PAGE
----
Overnight Camping in Car Parks &c.
Brief analysis of the Caravan Sites and Control of Development Act 1960.

Use of land as a caravan site is subject to the provisions of the Caravan Sites and Control of Development Act 1960.

S1(4) of the Act defines a “caravan site” as “land on which a caravan is stationed for the purposes of human habitation and land which is used in conjunction with land on which a caravan is so stationed”. Therefore, as soon as anyone brings a caravan (including a motorhome/motor caravan/camper van) onto a piece of land for the purpose of human habitation (rather than simply parking or storage) the land becomes a caravan site. It doesn't matter what the usual use of the land is (e.g. drive/garden, pub car park, farmyard, field). Neither does it matter what description (e.g. stopover, nightstop) is applied to the land; by virtue of S1(4) of the Act it is a caravan site as far as the law is concerned.

The Act prohibits use of land as a caravan site unless an appropriate licence is held or one of the conditions in the First Schedule to the Act is met. As far as touring caravans are concerned it is paragraphs 1 to 6 of the First Schedule which are important.

Paragraph 1 allows a householder to use his land as a caravan site provided that use “is incidental to the enjoyment as such of a dwellinghouse within the curtilage of which the land is situated”. So, if visiting (genuine) friends or relatives sleep in their motorhome rather than in the house it is perfectly legal. Incidental enjoyment does not, though, extend to a contractual/membership relationship with an organisation aimed at providing overnight stops for other members of that organisation.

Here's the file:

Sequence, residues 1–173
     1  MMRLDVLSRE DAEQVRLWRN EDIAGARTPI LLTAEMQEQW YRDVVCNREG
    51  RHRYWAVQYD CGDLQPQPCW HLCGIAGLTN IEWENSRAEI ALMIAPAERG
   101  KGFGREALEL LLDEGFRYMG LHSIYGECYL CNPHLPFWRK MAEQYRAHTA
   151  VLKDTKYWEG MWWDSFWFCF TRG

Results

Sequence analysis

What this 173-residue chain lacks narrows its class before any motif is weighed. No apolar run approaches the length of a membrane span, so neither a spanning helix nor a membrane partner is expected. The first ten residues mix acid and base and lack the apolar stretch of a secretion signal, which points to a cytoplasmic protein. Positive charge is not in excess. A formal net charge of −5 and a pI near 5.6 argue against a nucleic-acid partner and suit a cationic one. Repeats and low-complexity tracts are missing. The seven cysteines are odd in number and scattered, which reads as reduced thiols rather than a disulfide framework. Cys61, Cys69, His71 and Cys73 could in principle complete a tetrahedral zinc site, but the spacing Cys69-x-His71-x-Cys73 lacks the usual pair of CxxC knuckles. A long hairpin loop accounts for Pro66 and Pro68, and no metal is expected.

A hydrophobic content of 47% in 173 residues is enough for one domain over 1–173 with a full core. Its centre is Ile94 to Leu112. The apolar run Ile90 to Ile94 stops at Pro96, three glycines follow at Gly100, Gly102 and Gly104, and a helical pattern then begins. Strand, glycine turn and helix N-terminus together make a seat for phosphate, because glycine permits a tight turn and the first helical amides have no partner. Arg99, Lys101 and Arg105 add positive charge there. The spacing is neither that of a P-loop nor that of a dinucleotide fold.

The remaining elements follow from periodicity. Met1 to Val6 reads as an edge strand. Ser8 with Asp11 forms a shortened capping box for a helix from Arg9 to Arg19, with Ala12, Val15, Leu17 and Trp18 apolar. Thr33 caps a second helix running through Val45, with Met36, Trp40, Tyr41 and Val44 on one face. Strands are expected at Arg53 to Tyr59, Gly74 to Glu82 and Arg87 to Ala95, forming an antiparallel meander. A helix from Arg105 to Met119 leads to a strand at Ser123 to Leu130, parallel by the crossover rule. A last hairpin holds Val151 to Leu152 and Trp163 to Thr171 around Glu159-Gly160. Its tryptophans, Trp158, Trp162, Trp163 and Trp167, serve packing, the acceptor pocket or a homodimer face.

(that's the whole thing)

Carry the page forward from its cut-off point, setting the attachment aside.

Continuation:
Paragraph 2 allows use of land as a caravan site by someone travelling in a caravan as long as three conditions are met:
a) the stay is for no more than two nights
b) no more than one caravan being used for human habitation is on the land at the time
c) the land is not used for human habitation in caravans for more than 28 days in any 12 month period.
So, a pub landlord or farmer (for instance) can perfectly legally allow people in motorhomes to stay overnight occasionally but breaks the law if there is more than one motorhome in use at any one time and/or a stay exceeds 2 nights and/or such use is allowed for more than 28 days in any 12 month period.

Paragraph 3 is similar to Paragraph 2 but applies to land of 5 acres or more which has not been built on. The 28 day maximum is the same but the maximum number of caravans allowed at any one time is increased from one to three.

Exempted Organisations are organisations which are formally constituted include the encouragement and promotion of recreational activities among their objectives. Certificates are issued to exempted organisations by Natural England, the Scottish Executive, and the National Assembly for Wales, as appropriate. See Here for details.

Paragraphs 4 and 6 deal with the rights of exempted organisations to use land as a caravan site directly. These are the provisions which enable exempted organisations to run their own sites and to hold rallies &c.

Paragraph 5 allows exempted organisations to issue certificates to approved occupiers of land. Where a certificate is in place:
a) use is restricted to members of the exempted organisation concerned
b) no more than 5 caravans can be on site at any one time.
Obtaining a certificate from an exempted organisation eases compliance with the law for people like pub landlords and farmers.

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Last updated: 31 March 2013